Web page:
The antiviral activities of extracts from Daucus maritimus seeds were investigated against the reverse transcriptase of human immunodeficiency virus (HIV) type 1 and a panel of RNA-dependent RNA polymerases of dengue virus, West Nile virus (WNV) and hepatitis C virus (HCV). The extracts showed moderate to potent inhibition rates against the four viral polymerases. The ethyl acetate extract exhibited a potent inhibitory effect against WNV's RdRp, with an IC₅₀ value of 8 µg mL⁻¹. The F₂ fraction exhibited potent inhibitory activity against WNV and HCV's RdRps, with IC₅₀ values 1 and 5 µg mL⁻¹, respectively. The P₂ fraction also showed potent inhibitory effects on WNV and HCV's RdRps, with IC₅₀ values 2.7 and 4 µg mL⁻¹, respectively. The results suggest that these extracts are candidates for the development of new anti-WNV RpDp and anti-HCV RpDp agents.
[Show abstract][Hide abstract] ABSTRACT: Viruses are one of the main hazards for both humans and animals. They enter in the living body and redirect body’s metabolism to produce large copies of their genome and proteins. Diseases caused by these viruses are difficult to tackle with the help of currently available antiviral drugs. So the aim of this study was to explore the plants with reported antiviral activity, to get understanding for better control of these viruses. Herpes virus, Human Immunodeficiency Virus (HIV), influenza and hepatitis virus were at top among all studied viruses. Prominent modes of action against these viruses were inhibition of viral entry and its replication in host cell. Against RNA viruses plants mainly targeted their Reverse Transcriptase (RT) enzyme (like HIV) or protease (mostly found against hepatitis C virus). A range of active compounds have been identified which could be the potential antiviral agents for future drug development. Some plants like Allium sativum, Daucus maritimus, Helichrysum aureonitens, Pterocaulon sphacelatum and Quillaja saponaria emerged to have broad spectrum antiviral activity. Detail study of their phytochemicals and mode of action against these viruses could be help full for more effective control of hazardous viruses.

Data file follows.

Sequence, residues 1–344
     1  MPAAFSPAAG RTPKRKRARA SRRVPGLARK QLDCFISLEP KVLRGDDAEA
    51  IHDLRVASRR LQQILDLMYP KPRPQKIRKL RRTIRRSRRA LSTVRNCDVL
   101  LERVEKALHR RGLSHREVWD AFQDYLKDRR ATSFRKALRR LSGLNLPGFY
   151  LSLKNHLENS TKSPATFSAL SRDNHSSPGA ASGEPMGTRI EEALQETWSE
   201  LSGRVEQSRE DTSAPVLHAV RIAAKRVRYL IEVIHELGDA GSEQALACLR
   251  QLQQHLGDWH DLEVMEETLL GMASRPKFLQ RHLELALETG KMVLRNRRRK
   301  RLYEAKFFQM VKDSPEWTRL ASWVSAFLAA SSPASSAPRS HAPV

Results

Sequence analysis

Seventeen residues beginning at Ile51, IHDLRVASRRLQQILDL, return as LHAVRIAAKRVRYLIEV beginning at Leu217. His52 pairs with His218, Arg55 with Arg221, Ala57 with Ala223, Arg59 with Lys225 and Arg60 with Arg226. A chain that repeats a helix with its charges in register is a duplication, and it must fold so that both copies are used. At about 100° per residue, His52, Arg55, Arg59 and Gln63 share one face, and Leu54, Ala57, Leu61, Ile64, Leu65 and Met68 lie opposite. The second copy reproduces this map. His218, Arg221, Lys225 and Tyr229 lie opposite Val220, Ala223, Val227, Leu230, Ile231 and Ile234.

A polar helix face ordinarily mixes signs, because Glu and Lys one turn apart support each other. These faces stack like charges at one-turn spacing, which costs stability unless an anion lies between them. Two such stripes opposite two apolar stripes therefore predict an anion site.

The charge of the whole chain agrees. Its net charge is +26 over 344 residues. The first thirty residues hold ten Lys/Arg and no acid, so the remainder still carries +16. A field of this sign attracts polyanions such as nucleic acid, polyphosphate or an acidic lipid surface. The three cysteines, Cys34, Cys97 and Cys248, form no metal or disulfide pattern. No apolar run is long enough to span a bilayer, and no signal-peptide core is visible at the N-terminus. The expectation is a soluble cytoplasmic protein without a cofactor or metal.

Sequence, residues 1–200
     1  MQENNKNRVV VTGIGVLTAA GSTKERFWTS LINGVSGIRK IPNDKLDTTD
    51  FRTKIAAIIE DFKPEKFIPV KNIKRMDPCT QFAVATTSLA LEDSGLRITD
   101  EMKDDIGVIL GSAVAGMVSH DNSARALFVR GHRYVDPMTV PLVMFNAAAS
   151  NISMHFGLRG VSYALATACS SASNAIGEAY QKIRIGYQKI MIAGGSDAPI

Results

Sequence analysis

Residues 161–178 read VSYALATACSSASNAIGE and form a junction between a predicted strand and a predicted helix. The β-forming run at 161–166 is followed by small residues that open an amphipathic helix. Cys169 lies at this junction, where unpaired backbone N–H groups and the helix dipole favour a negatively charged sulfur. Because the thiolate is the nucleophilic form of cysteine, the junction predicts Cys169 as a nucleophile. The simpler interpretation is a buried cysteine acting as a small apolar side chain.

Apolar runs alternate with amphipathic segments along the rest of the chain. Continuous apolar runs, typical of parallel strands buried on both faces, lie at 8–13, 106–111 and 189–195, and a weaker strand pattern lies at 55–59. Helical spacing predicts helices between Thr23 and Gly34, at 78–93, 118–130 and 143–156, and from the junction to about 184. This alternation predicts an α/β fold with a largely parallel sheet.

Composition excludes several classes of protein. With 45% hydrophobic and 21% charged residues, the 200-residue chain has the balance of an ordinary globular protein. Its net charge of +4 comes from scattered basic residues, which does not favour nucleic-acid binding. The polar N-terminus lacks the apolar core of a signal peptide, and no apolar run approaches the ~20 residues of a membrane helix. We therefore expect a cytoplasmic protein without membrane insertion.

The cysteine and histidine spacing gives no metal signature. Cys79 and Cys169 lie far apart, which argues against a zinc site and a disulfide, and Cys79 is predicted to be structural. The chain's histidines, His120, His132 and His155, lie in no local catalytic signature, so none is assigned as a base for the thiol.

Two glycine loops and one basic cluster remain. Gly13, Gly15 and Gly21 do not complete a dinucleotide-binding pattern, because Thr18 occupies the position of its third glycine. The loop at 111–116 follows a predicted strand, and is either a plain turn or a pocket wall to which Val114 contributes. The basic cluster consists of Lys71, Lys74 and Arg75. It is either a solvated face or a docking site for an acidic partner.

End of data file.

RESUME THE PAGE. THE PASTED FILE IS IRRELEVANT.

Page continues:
Asian Journal of Animal and Veterinary Advances 12/2011; 6(12):1125-1152. DOI:10.3923/ajava.2011.1125.1152 · 0.87 Impact Factor
[Show abstract][Hide abstract] ABSTRACT: Arthropod borne flaviviral diseases are a major public health concern in the tropics. However, the majority of cases are associated with Dengue virus (DENV),
Yellow Fever virus (YFV), West Nile virus (WNV) and Chikungunya virus (CHIKV) infections. Despite their profound clinical and economic impact among
large sections of the population there is a lack of effective treatment against these diseases. A large number of plants are available in nature, which may act as a source for lead molecules against various diseases including arthropod borne flaviviral infections. In this review we discuss various crude extracts as well as
purified compounds from natural sources with promising anti-DENV, YFV, WNV and CHIKV activity
[Show abstract][Hide abstract] ABSTRACT: The objective of this work was to examine the phytochemicals present in different aqueous and organic extracts from different organs of Daucus crinitus Desf. and to evaluate their antimicrobial activity. Phytochemical screening was done to characterize the secondary metabolites in various solvent extracts, and antimicrobial activity was evaluated by agar disk diffusion and broth microdilution to determine inhibition zone diameters and MICs. A remarkable antimicrobial effect was observed in organic extracts of stems and seeds (MIC = 0.31-0.83 mg/ml on S. aureus, B. cereus, and C. albicans) containing many phytochemical families such as coumarins, flavonoids, reducing sugars, steroids, tannins, and terpenes. Daucus crinitus may be a good source of bioactive molecules endowed with antimicrobial activity.
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